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Truth in the 'Wild'

Despite its title and the fact that it's based on a book by adventure writer Jon Krakauer, "Into the Wild" is not a tale of adventure. Adventures ride a wave of emotion, taking you from the uncertainty of the unknown to the exhilaration of discovery. "Into the Wild" is a tale of searching, in this case for something seemingly unobtainable: absolute truth. It's a quest that perhaps only a naive idealist could hope to achieve, and one given over to apprehension.

"Into the Wild" is based on the true story of Christopher Johnson McCandless. McCandless was raised in an upper middle class suburban Washington family brimming with dysfunction and, as McCandless would discover, betrayal. Within days of graduating from Emory University in 1992 he piled his few possessions into a beat-up Datsun and disappeared to find the truth.

As McCandless later explains, you can't find that truth through human relationships alone: "It's in everything." So with his possessions tucked into a backpack, he heads off in search of The Truth. He kayaks the Colorado River to the Gulf of California, he hops freight trains, he spends a night on skid row, he hangs at an alternative community, he works the grain harvest in South Dakota.

But it is the human relationships that drive this story. Emile Hirsch as McCandless is at once certain of himself and humble, all-knowing yet voraciously curious. He's charismatic yet imminently approachable, pious without being judgmental of the disparate souls he befriends along the way. This makes the story so painfully poignant. Throughout the film, McCandless brings his black-and-white world into the real world of gray. It's when those two worlds meet, when his new acquaintances try to gently blur his palette that "Into the Wild" excels.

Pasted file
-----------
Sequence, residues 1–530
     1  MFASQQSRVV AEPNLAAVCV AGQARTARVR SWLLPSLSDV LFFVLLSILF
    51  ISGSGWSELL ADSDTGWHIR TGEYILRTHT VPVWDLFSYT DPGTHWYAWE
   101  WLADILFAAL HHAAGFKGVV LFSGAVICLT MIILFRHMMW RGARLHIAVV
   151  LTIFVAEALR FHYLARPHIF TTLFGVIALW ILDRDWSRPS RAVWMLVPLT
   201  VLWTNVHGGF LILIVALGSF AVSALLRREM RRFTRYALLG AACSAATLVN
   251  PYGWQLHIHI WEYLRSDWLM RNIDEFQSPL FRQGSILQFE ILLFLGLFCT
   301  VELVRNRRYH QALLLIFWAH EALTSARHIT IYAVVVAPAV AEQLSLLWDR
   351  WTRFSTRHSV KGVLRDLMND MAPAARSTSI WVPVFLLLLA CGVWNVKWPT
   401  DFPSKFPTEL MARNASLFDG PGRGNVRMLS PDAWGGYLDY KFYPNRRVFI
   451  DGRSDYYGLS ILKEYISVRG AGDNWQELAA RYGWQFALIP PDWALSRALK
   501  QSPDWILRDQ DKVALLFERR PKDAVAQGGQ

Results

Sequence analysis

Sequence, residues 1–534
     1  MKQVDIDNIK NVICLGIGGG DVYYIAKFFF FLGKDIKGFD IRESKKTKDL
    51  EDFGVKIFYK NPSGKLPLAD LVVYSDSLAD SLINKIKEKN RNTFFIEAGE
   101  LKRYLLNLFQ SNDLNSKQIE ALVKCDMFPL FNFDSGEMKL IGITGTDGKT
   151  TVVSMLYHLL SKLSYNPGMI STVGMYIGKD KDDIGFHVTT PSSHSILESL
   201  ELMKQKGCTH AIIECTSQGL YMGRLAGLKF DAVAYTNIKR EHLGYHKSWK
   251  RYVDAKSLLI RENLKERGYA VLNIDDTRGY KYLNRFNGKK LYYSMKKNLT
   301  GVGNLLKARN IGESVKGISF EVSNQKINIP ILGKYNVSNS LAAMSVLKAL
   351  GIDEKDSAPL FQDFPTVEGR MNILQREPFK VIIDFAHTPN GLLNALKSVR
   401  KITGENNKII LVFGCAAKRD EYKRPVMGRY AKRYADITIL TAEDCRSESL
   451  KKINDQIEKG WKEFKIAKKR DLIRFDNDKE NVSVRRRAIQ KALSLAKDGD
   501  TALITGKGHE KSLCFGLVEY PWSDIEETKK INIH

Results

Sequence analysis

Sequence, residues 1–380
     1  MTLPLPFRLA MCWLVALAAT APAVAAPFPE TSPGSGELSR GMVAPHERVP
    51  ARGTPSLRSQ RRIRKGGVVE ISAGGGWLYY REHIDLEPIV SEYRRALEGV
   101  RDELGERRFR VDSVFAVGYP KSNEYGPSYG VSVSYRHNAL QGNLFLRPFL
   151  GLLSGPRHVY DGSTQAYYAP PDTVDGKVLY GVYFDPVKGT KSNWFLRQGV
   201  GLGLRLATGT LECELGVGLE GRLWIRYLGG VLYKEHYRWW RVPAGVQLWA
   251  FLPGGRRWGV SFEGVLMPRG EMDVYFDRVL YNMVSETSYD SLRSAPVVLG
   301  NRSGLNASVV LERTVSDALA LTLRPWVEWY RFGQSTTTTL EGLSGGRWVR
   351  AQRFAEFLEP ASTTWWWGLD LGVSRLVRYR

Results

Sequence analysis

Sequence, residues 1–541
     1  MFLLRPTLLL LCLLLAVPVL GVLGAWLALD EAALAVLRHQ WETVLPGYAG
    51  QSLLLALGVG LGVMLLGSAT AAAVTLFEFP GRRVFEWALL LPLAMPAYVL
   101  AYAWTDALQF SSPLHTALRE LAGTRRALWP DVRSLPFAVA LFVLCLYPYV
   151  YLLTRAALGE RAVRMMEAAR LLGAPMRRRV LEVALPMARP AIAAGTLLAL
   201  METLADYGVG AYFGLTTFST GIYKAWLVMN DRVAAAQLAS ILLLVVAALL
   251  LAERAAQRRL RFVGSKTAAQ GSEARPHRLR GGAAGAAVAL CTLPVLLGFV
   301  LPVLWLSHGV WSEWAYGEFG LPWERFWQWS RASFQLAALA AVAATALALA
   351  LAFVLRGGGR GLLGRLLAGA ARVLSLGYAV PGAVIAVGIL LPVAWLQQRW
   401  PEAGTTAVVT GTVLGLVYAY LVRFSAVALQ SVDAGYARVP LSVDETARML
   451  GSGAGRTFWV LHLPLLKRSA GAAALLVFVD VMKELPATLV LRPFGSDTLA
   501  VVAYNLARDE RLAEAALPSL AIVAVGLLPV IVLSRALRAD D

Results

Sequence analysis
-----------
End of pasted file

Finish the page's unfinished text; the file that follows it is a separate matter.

When, for instance, aging hippie chick Jan (a soul-weary free spirit played by Catherine Keener) looks at him after hearing his story and says, "You look like a loved kid. Be fair," she says it with the pain of a mother whose own son vanished two years earlier.

Or when retiree Ron Franz (played with a soft crust by Hal Holbrook) asks where McCandless' family is and the 23-year-old replies, "I don't have one any more," Franz offers a barely perceptible flinch that runs deep. He later tells McCandless that he lost his wife and son to a drunken driver in 1957, then makes a desperate offer to adopt McCandless.

These aren't heartstrings-yanking moments, but rather, moments given that extra moment to mature by very patient director Sean Penn.

Not long after McCandless set out to find the truth, he decided to change his name, to Alexander Supertramp. At movie's end, when it becomes clear his journey is near its end, he hints at whether he has found what he was searching for by heeding the advice of a plant identification book he'd picked up: to always call each thing by its right name.

And again, he became Christopher Johnson McCandless.

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